ATLANTA - The State Board of Pardons and Paroles and the Department of Corrections are teaming up on a dual certification program that equips graduates with the skills to work as either a parole officer or probation officer.
The Basic Probation/Parole Officer Training Course is scheduled to graduate its first class of 63 participants Thursday, with 14 going to parole and 49 going to probation. Parole Board Chairman Albert Murray and Department of Corrections Commissioner Brian Owens are set to address the graduating class.
``We see this as another good example of interoperability between two agencies who share the same mission,'' said Department of Corrections spokeswoman Gwendolyn Hogan.
Probation and parole have many similarities, in that both allow offenders to stay out of jail or prison as long as they comply with a specific set of conditions. Parole is granted by the parole board and gives offenders rules to follow in exchange for allowing them to serve the rest of their sentences out of jail. Probation is run by the Department of Corrections in Georgia, is imposed by the courts and is generally an alternative to a prison sentence.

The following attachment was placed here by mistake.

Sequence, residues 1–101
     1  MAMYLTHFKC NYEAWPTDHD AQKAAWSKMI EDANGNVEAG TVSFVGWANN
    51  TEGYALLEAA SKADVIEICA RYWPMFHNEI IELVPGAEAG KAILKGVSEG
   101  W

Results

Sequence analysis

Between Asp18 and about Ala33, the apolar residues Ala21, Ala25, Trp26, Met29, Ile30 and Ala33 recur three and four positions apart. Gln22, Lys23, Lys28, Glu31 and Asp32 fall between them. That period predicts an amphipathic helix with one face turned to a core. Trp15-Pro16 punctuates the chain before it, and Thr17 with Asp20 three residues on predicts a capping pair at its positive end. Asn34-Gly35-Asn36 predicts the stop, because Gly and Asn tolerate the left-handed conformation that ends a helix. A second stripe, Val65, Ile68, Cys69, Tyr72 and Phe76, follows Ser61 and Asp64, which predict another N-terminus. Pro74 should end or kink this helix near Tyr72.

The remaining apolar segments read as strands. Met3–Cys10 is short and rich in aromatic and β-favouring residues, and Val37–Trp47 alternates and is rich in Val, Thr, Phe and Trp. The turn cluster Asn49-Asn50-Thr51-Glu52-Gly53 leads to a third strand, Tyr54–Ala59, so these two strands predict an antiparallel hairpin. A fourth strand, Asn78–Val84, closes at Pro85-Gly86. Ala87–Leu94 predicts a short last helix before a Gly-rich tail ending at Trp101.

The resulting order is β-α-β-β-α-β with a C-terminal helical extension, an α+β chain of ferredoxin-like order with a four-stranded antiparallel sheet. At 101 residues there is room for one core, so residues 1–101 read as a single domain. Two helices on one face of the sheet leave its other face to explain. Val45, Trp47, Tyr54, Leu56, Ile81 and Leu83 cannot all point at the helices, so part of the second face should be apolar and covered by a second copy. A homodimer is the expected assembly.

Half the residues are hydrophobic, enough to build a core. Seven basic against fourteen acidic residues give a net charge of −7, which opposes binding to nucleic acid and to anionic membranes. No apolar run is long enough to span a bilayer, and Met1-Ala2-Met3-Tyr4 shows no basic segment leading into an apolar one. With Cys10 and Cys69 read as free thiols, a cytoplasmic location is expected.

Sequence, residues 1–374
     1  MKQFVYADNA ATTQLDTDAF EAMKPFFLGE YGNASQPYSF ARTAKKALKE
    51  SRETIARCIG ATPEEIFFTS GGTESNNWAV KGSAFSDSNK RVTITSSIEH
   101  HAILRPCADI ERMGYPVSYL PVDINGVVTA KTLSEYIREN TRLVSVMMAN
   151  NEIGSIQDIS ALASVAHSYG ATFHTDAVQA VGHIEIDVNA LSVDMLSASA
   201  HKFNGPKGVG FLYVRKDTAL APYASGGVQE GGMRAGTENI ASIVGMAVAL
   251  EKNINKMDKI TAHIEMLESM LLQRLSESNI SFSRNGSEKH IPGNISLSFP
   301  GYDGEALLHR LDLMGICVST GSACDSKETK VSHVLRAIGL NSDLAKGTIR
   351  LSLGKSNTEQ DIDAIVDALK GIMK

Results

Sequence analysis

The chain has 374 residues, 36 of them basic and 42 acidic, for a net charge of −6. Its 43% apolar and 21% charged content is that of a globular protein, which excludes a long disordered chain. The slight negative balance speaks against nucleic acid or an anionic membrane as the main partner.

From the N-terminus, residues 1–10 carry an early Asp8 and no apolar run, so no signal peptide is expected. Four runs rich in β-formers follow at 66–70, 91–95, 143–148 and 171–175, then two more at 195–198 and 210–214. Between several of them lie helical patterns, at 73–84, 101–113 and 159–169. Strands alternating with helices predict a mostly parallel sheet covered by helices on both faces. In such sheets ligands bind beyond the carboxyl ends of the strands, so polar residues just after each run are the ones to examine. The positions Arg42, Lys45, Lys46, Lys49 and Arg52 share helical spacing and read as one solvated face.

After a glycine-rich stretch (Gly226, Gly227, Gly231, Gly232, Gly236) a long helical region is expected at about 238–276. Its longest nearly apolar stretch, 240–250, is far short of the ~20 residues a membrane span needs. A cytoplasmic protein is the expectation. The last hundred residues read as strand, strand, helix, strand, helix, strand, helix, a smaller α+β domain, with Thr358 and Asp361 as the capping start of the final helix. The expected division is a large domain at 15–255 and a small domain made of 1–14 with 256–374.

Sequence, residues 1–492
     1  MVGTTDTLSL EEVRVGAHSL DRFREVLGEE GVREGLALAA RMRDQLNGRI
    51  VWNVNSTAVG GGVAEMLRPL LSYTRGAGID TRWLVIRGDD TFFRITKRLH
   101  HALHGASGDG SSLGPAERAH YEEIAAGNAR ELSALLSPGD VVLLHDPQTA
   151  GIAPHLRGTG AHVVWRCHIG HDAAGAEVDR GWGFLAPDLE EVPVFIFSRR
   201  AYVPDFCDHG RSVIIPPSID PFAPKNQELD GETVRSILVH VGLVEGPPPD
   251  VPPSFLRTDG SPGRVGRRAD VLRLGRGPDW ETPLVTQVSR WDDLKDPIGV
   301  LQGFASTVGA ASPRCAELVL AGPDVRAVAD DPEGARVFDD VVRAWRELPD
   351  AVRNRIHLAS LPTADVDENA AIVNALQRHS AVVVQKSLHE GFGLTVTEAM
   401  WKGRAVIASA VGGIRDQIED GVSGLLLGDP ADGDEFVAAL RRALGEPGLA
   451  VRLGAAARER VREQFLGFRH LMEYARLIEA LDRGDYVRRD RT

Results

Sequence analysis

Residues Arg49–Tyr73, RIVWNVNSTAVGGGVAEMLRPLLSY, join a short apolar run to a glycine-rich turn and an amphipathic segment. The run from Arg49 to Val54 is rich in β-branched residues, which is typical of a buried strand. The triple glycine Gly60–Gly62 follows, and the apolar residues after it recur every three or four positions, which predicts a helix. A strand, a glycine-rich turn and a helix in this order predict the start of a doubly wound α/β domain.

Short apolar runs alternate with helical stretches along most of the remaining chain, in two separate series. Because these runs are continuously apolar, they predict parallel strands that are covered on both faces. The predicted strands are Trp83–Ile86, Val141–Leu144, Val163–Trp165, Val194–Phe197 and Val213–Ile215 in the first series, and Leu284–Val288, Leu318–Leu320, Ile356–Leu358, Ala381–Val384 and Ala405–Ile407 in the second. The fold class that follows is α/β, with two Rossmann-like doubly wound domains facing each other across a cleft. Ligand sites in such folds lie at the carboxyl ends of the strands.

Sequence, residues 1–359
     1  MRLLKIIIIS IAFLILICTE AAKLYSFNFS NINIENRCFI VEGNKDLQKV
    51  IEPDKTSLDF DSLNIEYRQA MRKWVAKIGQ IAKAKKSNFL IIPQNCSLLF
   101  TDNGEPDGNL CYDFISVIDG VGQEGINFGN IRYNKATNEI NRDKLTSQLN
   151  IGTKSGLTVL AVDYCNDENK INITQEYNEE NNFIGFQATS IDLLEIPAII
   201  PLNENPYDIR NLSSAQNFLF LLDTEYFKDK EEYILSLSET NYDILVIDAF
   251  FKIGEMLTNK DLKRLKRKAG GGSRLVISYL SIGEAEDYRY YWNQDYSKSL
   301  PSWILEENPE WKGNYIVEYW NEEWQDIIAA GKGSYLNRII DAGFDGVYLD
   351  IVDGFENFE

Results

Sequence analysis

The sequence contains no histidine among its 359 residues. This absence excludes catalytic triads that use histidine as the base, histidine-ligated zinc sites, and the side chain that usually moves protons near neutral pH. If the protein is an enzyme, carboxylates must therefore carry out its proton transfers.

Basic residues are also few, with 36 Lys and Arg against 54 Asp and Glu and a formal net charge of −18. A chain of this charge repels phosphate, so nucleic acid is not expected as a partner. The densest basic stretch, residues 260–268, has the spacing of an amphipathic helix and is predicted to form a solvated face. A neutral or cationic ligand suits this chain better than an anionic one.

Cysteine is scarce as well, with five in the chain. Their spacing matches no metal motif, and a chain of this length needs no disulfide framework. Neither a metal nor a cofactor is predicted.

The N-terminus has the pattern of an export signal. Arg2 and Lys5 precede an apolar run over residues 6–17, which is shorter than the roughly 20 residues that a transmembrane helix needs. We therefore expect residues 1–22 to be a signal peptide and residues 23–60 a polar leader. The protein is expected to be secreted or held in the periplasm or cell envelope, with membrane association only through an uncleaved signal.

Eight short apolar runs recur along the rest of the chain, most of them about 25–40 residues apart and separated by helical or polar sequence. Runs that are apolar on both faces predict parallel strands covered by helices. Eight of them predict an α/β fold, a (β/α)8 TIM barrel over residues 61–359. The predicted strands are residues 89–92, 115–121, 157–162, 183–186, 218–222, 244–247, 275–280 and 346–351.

Dustin Butterworth, 26, works for parole in Walton and Newton counties and is part of the inaugural class of the new program. He said it's really helpful to also learn how probation officers work, especially because offenders often pass from parole to probation and some are even under the supervision of both at the same time.
``We each deal with the same exact offenders and we each have the same exact goals,'' he said. ``I kind of wonder how this has never happened before.''
The eight-week course includes training in supervision techniques, investigation procedures, intervention strategies, criminal and Georgia law, policy and procedure, interview skills, physical fitness, arrest procedures, defensive tactics, computer interaction and firearms qualification.
Michael Nail, state executive director of parole, said the decision to create a combined training program stemmed from suggestions from officers in the field and the realization that there was already enormous overlap between the instruction for the two jobs. Officers with the dual certification will be able to transfer between the two agencies without having to complete a new training course, which means an officer who transfers can get to work supervising cases more quickly and with no additional training cost to the state.
``Now they can all operate under the same certification, so you really have a multiplier,'' Nail said. ``We all go into the same housing projects and the same parts of the community where you have probationers and parolees, so this makes it so much easier to partner these officers up, and they can go out there together.''